Wednesday, May 20, 2009

By the Pricking of my Thumbs, Is not Elisha also among the Prophets?

I began to enjoy Shakespeare the summer before my senior year of high school. I knew that I would have to read Macbeth and Hamlet the next year in British Literature, so I thought I would get a head start and read Macbeth, or 'The Scottish Play' if you are superstitious in the theater, during the summer. I also went and saw Macbeth and was well impressed.

Read Act 1, Scenes 1-3 which can be found many places online for free including here, on google books. Note, that from what we can tell, Macbeth had no plans of murder until the witches suggested it. This brings up questions of fate and human depravity. Clearly, Macbeth was capable of treason, but did he only do it because the witches suggested it, or would he have anyway?

Earlier this summer, I was reading 2 Kings, and was struck by a similar scene in 2 Kings 8 and Macbeth. A trusted underling of a king meets someone who predicts that the underling of the king will murder the king and become king himself. Here is the text from 2 Kings.

2 Kings 8:7-15
Hazael Murders Ben-hadad

7 Now Elisha came to Damascus. Ben-hadad the king of Syria was sick. And
when it was told him, "The man of God has come here," 8 the king said to
Hazael, "Take a present with you and go to meet the man of God, and inquire
of the LORD through him, saying, 'Shall I recover from this sickness?'" 9 So Hazael went to meet him, and took a present with him, all kinds of goods of Damascus, forty camel loads. When he came and stood before him, he said, "Your son Ben-hadad king
of Syria has sent me to you, saying, 'Shall I recover from this sickness?'" 10 And Elisha said to him, "Go, say to him, 'You shall certainly recover,' but the LORD has shown me that he shall certainly die." 11 And he fixed his gaze and stared at him, until he was embarrassed. And the man of God wept. 12 And Hazael said, "Why does my lord weep?" He answered, "Because I know the evil that you will do to the people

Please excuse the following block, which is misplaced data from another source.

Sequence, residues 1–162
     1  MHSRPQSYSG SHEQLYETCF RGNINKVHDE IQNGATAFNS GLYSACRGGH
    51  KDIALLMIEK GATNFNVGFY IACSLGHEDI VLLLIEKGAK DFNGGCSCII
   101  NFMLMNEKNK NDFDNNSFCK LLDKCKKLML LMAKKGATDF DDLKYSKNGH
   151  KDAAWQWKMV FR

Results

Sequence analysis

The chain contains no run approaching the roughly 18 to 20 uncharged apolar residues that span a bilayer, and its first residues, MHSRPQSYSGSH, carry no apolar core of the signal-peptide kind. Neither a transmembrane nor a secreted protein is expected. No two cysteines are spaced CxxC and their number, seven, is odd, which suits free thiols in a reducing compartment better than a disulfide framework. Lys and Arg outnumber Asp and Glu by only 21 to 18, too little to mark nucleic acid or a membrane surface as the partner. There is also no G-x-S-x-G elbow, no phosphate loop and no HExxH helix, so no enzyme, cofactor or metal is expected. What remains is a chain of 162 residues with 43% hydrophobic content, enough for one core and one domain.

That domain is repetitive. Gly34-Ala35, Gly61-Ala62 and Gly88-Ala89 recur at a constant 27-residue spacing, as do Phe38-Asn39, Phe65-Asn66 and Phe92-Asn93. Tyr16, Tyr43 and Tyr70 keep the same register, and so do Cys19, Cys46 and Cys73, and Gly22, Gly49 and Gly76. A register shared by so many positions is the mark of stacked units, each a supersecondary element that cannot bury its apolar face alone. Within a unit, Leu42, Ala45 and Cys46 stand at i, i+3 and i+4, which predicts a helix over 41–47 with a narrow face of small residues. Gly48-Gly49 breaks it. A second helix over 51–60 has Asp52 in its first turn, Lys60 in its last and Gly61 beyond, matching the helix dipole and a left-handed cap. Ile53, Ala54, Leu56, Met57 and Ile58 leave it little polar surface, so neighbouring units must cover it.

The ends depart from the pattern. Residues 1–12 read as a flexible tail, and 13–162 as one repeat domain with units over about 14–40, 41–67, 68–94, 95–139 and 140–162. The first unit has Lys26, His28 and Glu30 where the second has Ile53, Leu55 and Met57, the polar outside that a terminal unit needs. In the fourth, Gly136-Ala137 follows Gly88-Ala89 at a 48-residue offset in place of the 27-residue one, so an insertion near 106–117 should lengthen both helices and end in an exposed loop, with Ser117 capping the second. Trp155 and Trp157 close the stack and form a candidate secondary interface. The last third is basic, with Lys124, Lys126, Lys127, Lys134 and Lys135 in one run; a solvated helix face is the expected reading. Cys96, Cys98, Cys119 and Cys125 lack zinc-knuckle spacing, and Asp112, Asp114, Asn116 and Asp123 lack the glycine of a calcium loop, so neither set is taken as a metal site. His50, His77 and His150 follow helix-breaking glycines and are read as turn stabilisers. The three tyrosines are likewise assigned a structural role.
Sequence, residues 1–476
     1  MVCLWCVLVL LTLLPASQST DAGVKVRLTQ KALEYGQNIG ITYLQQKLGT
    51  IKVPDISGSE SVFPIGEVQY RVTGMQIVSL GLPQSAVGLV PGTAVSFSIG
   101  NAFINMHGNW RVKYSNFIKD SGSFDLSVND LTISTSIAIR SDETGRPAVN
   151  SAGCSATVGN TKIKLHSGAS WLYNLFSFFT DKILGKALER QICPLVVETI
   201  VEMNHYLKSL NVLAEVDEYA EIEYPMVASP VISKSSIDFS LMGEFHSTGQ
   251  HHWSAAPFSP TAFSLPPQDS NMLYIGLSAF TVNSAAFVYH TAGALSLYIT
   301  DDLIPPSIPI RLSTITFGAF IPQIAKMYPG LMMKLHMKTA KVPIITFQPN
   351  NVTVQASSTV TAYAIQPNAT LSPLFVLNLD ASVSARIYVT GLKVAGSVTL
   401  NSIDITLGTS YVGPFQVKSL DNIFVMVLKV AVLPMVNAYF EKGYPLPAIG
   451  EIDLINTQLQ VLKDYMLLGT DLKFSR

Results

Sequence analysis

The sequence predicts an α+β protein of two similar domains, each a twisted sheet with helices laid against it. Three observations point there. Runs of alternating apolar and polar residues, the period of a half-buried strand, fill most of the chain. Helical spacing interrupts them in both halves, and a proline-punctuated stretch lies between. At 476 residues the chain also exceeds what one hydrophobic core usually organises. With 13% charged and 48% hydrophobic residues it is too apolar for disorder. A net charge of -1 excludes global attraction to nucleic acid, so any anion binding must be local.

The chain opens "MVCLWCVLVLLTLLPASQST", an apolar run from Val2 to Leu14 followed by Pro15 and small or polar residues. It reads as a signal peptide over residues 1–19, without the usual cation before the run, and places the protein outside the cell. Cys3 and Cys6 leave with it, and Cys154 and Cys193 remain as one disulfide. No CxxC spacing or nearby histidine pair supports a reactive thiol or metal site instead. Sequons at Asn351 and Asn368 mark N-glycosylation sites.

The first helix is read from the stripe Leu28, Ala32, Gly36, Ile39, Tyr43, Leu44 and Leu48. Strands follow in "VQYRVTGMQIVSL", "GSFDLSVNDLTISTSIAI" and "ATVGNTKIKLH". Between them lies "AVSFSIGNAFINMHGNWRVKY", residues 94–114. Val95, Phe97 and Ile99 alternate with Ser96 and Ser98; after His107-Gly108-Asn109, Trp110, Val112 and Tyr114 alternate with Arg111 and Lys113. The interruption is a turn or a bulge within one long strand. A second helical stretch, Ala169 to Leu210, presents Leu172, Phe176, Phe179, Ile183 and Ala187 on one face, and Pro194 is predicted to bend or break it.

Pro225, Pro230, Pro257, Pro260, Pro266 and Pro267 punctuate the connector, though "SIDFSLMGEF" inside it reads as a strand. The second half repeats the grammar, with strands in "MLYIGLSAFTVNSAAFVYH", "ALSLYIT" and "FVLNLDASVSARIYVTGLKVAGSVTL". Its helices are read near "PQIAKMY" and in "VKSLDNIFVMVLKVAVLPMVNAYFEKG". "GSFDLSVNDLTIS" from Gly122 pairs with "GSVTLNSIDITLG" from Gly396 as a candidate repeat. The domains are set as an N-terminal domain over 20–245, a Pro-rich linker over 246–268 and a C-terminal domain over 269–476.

of Israel. You will set on fire their fortresses, and you will kill their young men with the sword and dash in pieces their little ones and rip open their pregnant women." 13 And Hazael said, "What is your servant, who is but a dog, that he should do this great thing?" Elisha answered, "The LORD has shown me that you are to be king over Syria." 14 Then he departed from Elisha and came to his master, who said to him,
"What did Elisha say to you?" And he answered, "He told me that you would certainly recover." 15 But the next day he took the bed cloth and dipped it in water and spread it over his face, till he died. And Hazael became king in his place.

In one of Donald Miller's books, a chapter is
subtitled, "Why William Shakespeare Was a Prophet." While I don't know about
that, I do know that reading the KJV version of the Bible in my quiet
time when I took Shakespeare my freshman year of college really

I am not going to argue here that that Shakespeare was a Christian writer as some
have because the similarities here do not point to that. But I just like to think that great books explore some of the same facets of humanity.

I think the most powerful difference between the stories is that Elisha mourns the evil that Hazael will bring about because his reign will bring about the death and torture of innocent people, and the witches celebrate it.

In both stories, we don't know whether the villains would have committed their evil deeds without the prophetic intervention. But in both cases, their is a sovereign author, writing for their own glory. Shakespeare bashed Macbeth and praised Banquo because the ruling monarch in England descended from Banquo. And in the Bible, everything works to God's glory and His own ends.

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